more overthinking “The Lorax”

Yesterday I beat The Lorax to death and pulled out symbolism that might have left Dr. Seuss shaking his head. Fun, huh? Let’s do it again.

The more I read the story, the more compassion I feel for the Onceler. Who is he? He’s an inventor. He’s a good inventor. He wants to support his family. He doesn’t think too far into the future, true, but the Lorax’s shrill preaching actually pushes him into a defensive stance from which he cannot retreat. In the face of the Lorax’s name-calling and accusations (that seems to be the only way the Lorax communicates), the Onceler finally issues an ultimatum: he will not stop. That is, until nature itself stops him.

And for myself, I can’t help but wonder if there’s a dual message to The Lorax. First, that we should treat nature with care. That’s your obvious one. That’s the reason you’ll find t-shirts with the Lorax on them for sale on college campuses.

But secondly: when we’re protecting the helpess, we need to move gently. If the Lorax had said to the Onceler, “Excuse me, but if you kill all the trees, then you won’t have any more trees. Once there are no more trees, you can’t sustain your industry. What you need to do is replant trees and harvest them more slowly. Or cut down half a tuft from each tree rather than the whole tree.” Then the Onceler might have listened.

That second message never gets highlighted. The message at the end was that the Onceler was bad and needed to repent. But maybe so did the Lorax.

About philangelus

Mom, freelance writer, novelist, angelphile, Catholic, know-it-all.
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7 Responses to more overthinking “The Lorax”

  1. Diinzumo says:

    Indeed, the second message is a good one. In the grips of whatever fervor you’re supporting, you can forget what kind of negative effect it might have on those you’re trying to convince. I’ve seen plenty of evidence at the adoption center. And I do try not to go off the deep end and lecture too much, but I suspect it’s my nature.

  2. philangelus says:

    I can’t imagine you doing that (except to the “No cats for you!” crowd, but then gain, you’re not putting them off because, well, they were pretty much not getting a cat anyhow!)

    There have been too many times when I’ve wanted to start screaming, “Get off my side! You’re making us look bad!” for whatever issue it may happen to be. The sad thing, though, is I’m not sure Dr. Seuss ever considered that angle of it. The Lorax is seen as the hero throughout even though he screeches, rants, badmouths and insults the Onceler as his first line of defense.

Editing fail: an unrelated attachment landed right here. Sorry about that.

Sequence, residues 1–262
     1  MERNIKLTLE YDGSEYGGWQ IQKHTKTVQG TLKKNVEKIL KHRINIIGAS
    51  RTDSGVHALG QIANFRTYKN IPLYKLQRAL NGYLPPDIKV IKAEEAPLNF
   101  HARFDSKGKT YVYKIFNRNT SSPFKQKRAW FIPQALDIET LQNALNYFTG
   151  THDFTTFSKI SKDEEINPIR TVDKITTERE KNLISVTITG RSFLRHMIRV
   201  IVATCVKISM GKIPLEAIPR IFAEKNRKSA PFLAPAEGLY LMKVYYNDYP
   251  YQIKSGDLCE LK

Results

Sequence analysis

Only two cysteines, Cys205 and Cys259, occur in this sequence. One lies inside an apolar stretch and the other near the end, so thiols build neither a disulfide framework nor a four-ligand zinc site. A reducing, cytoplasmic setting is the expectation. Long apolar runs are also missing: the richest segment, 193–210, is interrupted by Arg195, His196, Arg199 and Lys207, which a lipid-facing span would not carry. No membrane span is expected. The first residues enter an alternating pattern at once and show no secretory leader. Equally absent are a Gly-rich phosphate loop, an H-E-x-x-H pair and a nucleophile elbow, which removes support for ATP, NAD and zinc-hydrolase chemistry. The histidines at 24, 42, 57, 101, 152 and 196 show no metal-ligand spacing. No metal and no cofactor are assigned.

3. Cricket says:

    Always leave the other person an honourable way out. One of the hundred or so rules I try to live by. Sometimes what you think is an honourable way out doesn’t look that way to the other person, which makes it even harder. Yeah, I feel for the Onceler, but he’s also the one making big bucks; he has the resources to spend on research, so it’s his responsibility to do it.

  4. Pingback: Overthinking “The Lorax” « Seven angels, four kids, one family

  5. Ashley says:

    Ha, my Earth Science teacher made us watch this for today’s lesson. I thought it was kinda cute besides the whole ‘chopping down trees/ pollution/ cute swany swans leaving’.
    I would have to agree with OnceLer. He’s an inventor and selling his invention. Sure, he could have told everyone no dumping in the river or no littering, but that’s what happens at almost every business.

  6. Kia says:

    I believe the issue Dr. Seuss was getting at was not the environment at all, but our consumption of useless things. How we fill our life with needless things and miss the beauty of life.

    • philangelus says:

      While that’s a part of the message, the Lorax “speaks for the trees” and the story focuses on the environmental impact of rampant consumerism (the death of the trees, the starvation of the little bears, the birds choked by smog) rather than only on the inability of the Onceler to see the beauty around him.

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